Monday, December 19, 2005

Archive of the Day

Here's a new feature, kids. I want to occasionally share a favorite sentence or paragraph of mine, preferably from things not too recently published. This first gem comes from The Right Stuff by Tom Wolfe (which I was re-reading portions of because it has some terrific lines about both Texas and New York that I hope to incorporate in a future post). But for now, this. It comes after Chuck Yeager has broken the sound barrier, and the beginning of what I share is for context; it's the last sentence in particular -- all 129 words of it -- that really knocks me out. It barrels along in that Wolfeian way that threatens to become too tornadic, but then absolutely sticks the landing with that final image.
"A top security lid was was being put on the morning's events. That the press was not to be informed went without saying. But neither was anyone else, anyone at all, to be told. Word of the flight was not to go beyond the flight line. And even among the people directly involved -- who were there and knew about it, anyway -- there was to be no celebrating. Just what was on the minds of the brass at Wright is hard to say. Much of it, no doubt, was a simple holdover from wartime, when every breakthrough of possible strategic importance was kept under wraps. ....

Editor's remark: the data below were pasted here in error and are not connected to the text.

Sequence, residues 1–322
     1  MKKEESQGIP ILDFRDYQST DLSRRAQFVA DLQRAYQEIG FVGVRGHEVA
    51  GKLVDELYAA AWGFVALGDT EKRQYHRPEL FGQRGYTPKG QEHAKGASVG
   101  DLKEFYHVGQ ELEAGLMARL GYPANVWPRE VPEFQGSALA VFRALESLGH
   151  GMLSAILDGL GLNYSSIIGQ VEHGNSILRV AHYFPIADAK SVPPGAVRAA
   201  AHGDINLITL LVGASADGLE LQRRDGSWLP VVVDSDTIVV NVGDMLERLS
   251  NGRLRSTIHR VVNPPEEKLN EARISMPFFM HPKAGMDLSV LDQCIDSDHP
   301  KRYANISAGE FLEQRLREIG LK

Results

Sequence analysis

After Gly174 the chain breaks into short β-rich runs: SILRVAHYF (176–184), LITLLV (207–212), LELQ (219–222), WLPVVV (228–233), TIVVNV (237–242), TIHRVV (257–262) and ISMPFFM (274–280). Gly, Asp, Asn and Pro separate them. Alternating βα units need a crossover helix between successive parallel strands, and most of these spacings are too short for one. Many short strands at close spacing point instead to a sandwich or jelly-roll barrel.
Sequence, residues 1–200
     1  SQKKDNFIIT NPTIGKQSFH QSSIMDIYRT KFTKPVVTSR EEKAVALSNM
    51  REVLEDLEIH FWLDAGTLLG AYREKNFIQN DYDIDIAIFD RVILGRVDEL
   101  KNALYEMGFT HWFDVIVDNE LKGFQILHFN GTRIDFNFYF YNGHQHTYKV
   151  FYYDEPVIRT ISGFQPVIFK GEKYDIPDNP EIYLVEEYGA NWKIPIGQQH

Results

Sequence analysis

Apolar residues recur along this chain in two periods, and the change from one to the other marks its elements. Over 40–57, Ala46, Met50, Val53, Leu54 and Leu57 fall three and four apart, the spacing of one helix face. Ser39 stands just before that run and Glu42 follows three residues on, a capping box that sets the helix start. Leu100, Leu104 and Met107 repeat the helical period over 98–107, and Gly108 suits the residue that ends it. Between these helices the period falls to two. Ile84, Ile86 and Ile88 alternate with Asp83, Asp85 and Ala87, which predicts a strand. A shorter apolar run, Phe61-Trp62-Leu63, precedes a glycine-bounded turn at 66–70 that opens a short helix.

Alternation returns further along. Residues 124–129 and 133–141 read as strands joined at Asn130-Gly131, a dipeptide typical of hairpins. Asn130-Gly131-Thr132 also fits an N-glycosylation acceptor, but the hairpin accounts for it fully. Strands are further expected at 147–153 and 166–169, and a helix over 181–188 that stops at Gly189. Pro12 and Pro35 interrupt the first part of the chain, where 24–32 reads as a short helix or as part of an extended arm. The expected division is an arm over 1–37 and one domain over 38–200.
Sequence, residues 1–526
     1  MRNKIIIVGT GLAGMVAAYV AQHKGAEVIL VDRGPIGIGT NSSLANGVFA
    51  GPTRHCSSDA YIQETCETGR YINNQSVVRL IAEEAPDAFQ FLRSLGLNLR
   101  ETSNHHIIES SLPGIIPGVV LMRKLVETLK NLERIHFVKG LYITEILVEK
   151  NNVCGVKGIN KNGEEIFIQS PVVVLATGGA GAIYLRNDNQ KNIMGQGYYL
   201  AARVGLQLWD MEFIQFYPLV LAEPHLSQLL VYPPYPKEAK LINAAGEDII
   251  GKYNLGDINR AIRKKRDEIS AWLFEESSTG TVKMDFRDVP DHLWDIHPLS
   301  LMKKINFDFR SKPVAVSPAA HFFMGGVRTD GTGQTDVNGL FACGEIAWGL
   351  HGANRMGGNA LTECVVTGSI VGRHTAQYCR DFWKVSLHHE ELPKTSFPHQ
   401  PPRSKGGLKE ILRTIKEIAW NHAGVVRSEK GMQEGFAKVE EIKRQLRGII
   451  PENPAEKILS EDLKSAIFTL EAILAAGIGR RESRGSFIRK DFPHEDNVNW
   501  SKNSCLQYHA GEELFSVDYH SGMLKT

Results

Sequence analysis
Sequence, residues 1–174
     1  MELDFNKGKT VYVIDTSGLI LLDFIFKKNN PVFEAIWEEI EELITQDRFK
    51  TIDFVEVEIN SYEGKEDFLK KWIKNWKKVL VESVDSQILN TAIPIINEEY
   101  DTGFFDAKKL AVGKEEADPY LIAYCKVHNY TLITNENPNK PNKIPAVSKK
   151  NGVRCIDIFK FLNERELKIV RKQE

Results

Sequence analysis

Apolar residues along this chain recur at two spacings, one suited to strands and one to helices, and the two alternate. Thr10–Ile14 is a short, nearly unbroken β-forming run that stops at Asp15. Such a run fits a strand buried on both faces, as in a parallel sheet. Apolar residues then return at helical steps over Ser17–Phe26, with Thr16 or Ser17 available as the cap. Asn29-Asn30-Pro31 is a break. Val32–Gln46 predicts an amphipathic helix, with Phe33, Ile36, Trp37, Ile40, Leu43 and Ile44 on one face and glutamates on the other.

"In any case, by mid-afternoon Yeager's tremendous feat had become a piece of thunder with no reverberation. A strange and implausible stillness settled over the event. Well...there was not supposed to be any celebration, but come nightfall...Yeager and Ridley and some of the others ambled over to Pancho's. After all, it was the end of the day, and they were pilots. So they knocked back a few. And they had to let Pancho in on the secret, because Pancho had said she'd serve a free steak dinner to any pilot who could fly supersonic and walk in here to tell about it, and they had to see the look on her face. So Pancho served Yeager a big steak dinner and said they were a buncha miserable peckerwoods all the same, and the desert cooled off and the wind came up and the screen doors banged and they drank some more and bawled some songs over the cackling dry piano and the stars and the moon came out and Pancho screamed oaths no one had ever heard before and Yeager and Ridley roared and the old weatherbeaten bar boomed and the autographed pictures of a hundred dead pilots shook and clattered on the frame wires and the faces of the living fell apart in the reflections, and by and by they all left and stumbled and staggered and yelped and bayed for glory before the arthritic silhouettes of the Joshua trees."

1 Comments:

Blogger Dezmond said...

Great sentence, great book...even greater movie. One of my Top 10 films of all time, easy.

9:58 AM  

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